REVIEW: Gruff Rhys – Seeking New Gods

Full disclosure: I am welsh and I was a teen in the mid nineties when Fuzzy Logic blew our sixth form common rooms and minds, so reviewing this isnt exactly a chore.

Gruff Rhys is one of our finest, whether it is the legendary back catalogue of SFA, the divine electro gorgeousness of Neon Neon or his 16 year solo output. Bilingual, multi-instrumentalist, he has more than paved his way to the top of the Welsh music legends list, if not the UK and beyond.

Released on Rough Trade, Seeking New Gods is, for me, Gruff’s best work in years, and that is no slight on his last solo albums. This should be the soundtrack to everyone’s slightly-more-hopeful summer.

Opener ‘Mausoleum of My Former Self’, released with a typically Gruff Rhys video full of psychadelia and questions, will lift any mood. Even one still reeling from Weller’s Fat Pop. Note to self, Paul, this is how you do brass on a record.

‘Can’t Carry On’ and ‘Loan Your Loneliness’ continue an unbelievably catchy sound until title track ‘Seeking New Gods’ takes it down a notch. Lyrically, this is smart and seemingly, and rightly, holding religion to account for so much ill, evil and hurt in the world

“Those altars alter the neutral mind/

To turn against all humankind”.

‘Hiking in Lightning’ is a stunning wade through the paradox of excitement, risk and reward, while ‘Holiest of Holy Men’ and ‘The Keep’ return us to the familiarity of his bouncy yet dreamy poetry.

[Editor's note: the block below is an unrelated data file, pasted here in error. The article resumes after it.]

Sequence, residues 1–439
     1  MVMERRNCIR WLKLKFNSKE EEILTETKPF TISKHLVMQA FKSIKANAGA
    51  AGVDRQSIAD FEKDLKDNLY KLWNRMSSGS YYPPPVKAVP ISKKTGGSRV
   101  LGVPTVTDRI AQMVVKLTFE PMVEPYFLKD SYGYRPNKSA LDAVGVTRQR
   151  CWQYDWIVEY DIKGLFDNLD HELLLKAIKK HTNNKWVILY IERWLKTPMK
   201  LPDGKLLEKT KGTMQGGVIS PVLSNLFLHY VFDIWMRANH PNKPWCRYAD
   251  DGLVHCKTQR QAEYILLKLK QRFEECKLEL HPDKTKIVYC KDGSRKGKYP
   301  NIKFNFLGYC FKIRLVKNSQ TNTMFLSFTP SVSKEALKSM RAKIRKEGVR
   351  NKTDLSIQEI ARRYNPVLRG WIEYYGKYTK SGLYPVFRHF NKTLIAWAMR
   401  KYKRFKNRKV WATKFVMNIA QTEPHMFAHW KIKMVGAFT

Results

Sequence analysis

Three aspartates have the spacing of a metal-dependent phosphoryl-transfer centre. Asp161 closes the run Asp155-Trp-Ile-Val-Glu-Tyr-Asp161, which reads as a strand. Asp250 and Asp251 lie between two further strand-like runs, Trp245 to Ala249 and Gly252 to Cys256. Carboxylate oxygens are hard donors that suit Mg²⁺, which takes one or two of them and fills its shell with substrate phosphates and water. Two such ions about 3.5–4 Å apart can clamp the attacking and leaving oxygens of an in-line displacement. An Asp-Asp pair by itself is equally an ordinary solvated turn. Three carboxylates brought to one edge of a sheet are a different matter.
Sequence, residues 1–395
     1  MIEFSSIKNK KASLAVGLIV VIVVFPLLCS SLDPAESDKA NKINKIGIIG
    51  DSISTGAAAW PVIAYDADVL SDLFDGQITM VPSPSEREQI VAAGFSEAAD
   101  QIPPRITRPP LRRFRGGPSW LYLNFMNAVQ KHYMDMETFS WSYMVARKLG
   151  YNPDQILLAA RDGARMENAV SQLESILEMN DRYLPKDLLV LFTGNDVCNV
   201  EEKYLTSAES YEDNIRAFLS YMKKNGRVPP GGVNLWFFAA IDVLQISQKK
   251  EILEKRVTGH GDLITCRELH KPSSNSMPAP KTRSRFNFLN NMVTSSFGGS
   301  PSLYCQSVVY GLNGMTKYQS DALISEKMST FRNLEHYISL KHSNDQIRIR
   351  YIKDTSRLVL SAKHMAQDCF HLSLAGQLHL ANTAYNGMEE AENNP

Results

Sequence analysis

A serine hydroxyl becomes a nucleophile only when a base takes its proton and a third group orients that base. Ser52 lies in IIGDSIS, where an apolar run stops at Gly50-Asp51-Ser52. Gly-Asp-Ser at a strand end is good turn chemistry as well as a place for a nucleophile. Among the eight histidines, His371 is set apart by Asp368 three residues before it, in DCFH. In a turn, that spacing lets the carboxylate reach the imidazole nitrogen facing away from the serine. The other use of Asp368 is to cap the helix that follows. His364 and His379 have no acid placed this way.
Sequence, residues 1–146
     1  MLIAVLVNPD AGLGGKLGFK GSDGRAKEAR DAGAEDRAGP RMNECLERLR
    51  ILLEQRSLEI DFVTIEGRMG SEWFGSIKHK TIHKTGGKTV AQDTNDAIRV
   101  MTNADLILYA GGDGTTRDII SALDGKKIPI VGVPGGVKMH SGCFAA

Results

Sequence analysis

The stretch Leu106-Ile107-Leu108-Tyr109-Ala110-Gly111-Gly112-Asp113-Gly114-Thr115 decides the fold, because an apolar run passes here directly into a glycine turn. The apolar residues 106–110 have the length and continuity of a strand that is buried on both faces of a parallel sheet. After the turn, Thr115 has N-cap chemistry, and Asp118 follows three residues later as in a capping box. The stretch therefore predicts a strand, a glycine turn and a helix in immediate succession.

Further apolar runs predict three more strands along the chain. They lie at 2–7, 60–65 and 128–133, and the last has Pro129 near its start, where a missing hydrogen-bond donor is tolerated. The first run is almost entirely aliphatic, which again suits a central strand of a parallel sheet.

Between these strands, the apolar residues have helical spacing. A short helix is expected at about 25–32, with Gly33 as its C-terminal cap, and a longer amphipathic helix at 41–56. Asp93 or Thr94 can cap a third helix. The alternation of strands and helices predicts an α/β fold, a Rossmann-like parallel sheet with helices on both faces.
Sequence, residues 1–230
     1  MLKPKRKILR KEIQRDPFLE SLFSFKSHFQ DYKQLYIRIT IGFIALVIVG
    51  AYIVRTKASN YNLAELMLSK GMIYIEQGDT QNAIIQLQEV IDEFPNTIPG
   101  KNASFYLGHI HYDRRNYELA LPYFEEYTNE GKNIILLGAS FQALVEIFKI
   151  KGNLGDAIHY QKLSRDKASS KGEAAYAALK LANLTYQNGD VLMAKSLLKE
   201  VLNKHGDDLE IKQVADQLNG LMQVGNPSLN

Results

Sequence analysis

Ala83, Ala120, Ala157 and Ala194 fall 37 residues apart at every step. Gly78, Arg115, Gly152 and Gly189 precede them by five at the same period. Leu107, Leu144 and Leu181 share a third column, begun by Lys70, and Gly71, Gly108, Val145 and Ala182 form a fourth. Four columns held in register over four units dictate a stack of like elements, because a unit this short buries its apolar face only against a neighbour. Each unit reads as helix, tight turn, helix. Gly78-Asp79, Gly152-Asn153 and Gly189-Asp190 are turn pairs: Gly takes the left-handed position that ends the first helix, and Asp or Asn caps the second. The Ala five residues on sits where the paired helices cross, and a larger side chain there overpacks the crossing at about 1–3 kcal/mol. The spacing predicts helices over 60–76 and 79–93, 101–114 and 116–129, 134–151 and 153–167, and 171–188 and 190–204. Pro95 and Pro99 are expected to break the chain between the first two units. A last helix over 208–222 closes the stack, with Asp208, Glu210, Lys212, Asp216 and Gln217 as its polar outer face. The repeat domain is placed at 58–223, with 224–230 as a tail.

The scene for album closer is set by ‘Everlasting Joy’, a slower, almost menacing visual journey that has you generating vivid mental images of where he may be… my bet is on a lesser known, peaceful spot in North West Wales, away from ice cream vans, second homes and bingo halls. The stuff only we know about.

“From cloudland comes the veil that masks the mountain/
The frozen altars thaw/
Run salty rivers, run to flood the valleys/
And weeds among the lords”/

Final track ‘Distant Snowy Peaks’ is absolutely beautiful, everything from its title, the piano, Rhys’s absolutely perfect vocal. This came as a surprise in the best way. If I’d wavered before, this has absolutely cemented the record as his best solo work.

Seeking New Gods is as divine as that which he teases throughout the record. Gruff Rhys is on top, top form and I’d urge everyone to put hand in pocket and buy this record. With this, Arab Strap and Mogwai, 2021 is once again all the proof we need that with talent and experience comes longevity and consistently brilliant art.

Light a fire, cwtch up to someone you love, and enjoy every minute. Bendi-bloody-geddig, cariad.

 

Words by Lisa Whiteman.

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